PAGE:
So how do you follow up an Edinburgh Comedy Award winning show? For Tim Key, whose Slutcracker won the prestigious main award in 2009, the answer seems to be: more of the same.
This is, of course, a very good thing. Slutcracker was a remarkably original piece of work, melding poetry, films, and music together to breathtaking effect. Masterslut picks up where the previous show left off and runs with it, to produce something you’re unlikely to see anywhere else at the Fringe this year.
It’s clear on entering the Pleasance Dome that originality is still the keyword here. A huge bath, full of soapy water, is the stage’s centrepiece, while Key himself prowls round the floor, nodding to the audience and occasionally eating strawberries.
Once everyone’s seated, that’s Key’s cue to make one of the most inventive stage entrances in some time, appearing from the back of the venue, and clambering over the audience, ruffling hair, planting kisses on cheeks, and in the case of this particular reviewer, having sugarlumps fed to them.
In fact, there’s a lot more audience interaction here than in Key’s previous works. The front row gets towels thrown to them, prodded with a conductor’s baton, pour a can of Ruddles into a champagne flute and plays an improvisational word game.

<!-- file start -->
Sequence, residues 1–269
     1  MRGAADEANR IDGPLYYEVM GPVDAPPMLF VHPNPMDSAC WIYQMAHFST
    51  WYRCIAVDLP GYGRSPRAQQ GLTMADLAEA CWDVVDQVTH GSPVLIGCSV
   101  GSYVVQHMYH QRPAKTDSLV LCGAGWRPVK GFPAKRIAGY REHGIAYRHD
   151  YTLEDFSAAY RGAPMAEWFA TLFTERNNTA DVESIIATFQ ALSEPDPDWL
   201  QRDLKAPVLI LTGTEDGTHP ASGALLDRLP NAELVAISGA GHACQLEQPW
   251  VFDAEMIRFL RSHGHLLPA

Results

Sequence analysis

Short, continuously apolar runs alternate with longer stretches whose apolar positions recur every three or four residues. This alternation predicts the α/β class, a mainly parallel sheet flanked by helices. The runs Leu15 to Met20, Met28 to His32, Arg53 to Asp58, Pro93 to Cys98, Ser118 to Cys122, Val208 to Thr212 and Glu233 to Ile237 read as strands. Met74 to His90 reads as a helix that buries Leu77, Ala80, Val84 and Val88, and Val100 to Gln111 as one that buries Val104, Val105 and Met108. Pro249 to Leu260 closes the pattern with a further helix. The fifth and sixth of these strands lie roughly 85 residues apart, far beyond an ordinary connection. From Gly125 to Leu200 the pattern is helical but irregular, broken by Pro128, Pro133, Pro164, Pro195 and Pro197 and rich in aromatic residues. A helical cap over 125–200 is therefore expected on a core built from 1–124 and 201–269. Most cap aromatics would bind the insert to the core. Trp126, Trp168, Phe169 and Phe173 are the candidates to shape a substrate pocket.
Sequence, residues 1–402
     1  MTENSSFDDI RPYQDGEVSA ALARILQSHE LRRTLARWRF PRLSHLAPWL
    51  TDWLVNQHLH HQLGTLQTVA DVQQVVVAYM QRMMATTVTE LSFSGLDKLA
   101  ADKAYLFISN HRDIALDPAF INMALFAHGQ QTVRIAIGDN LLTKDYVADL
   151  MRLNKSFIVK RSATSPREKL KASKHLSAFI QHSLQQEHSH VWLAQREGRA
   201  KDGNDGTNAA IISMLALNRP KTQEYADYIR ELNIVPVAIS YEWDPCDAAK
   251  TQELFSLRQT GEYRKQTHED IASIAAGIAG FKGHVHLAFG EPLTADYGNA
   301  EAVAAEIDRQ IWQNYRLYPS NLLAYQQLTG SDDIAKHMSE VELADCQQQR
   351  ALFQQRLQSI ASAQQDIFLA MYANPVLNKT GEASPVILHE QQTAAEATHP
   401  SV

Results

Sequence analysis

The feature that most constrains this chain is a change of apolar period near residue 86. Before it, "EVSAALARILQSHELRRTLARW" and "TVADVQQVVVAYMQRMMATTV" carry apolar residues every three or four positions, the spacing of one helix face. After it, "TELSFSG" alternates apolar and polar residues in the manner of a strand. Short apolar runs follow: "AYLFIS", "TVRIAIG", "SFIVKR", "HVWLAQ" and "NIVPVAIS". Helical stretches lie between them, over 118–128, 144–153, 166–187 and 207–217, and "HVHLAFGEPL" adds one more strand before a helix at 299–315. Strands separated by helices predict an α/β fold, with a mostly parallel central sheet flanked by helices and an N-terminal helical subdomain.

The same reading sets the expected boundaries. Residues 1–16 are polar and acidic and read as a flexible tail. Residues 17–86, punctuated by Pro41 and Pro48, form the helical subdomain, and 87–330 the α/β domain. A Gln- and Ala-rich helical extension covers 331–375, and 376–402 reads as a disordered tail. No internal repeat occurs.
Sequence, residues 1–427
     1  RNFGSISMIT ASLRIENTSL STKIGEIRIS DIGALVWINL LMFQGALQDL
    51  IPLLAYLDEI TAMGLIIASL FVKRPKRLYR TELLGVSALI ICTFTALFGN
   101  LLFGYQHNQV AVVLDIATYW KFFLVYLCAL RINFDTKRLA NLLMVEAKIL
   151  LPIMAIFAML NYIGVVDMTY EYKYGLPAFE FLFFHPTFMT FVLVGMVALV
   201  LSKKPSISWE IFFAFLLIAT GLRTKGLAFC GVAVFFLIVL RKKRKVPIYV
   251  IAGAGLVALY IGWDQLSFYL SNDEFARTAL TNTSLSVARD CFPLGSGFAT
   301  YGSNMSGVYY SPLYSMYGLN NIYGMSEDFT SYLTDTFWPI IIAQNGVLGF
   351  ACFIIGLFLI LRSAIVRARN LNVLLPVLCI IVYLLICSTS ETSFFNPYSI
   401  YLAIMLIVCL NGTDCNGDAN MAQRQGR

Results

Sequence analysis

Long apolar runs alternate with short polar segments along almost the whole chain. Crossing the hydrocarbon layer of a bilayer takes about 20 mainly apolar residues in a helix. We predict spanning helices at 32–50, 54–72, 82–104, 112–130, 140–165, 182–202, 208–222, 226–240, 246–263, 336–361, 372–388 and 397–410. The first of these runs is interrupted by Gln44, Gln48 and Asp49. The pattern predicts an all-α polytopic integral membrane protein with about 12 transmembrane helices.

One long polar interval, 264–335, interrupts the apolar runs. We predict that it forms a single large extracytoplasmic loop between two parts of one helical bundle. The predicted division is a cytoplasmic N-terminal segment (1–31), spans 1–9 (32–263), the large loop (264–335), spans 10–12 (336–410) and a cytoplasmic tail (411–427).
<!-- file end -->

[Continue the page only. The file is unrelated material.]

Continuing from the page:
Yet it’s Key’s poetry that is, as ever, the main draw here. Laminated lovingly onto a pack of pornographic playing cards, they’re as strange, surreal and devastatingly funny as ever, especially delivered in Key’s downbeat, oddly bathetic manner. He even finds the time to deconstruct a typical poem, presenting infinite amounts of redrafts
And the bath? “The elephant in the room”, as he describes it, is the centrepiece for some audacious stunts – every so often, Key plunges headfirst into the water, and a back-projection showing Key’s point-of-view appears. A mermaid may appear, a can of bitter may be seen floating around – it’s all weird, wonderful and delightfully off-kilter in the way that only Key could pull off.
There’s also some beautifully shot short films, and constantly soothing music being played throughout, which makes the entire experience – rather appropriately – feel like a particularly comforting soak in a bath. It’s reassuring to know that in Tim Key, we have a comic happy to continue carving his own path.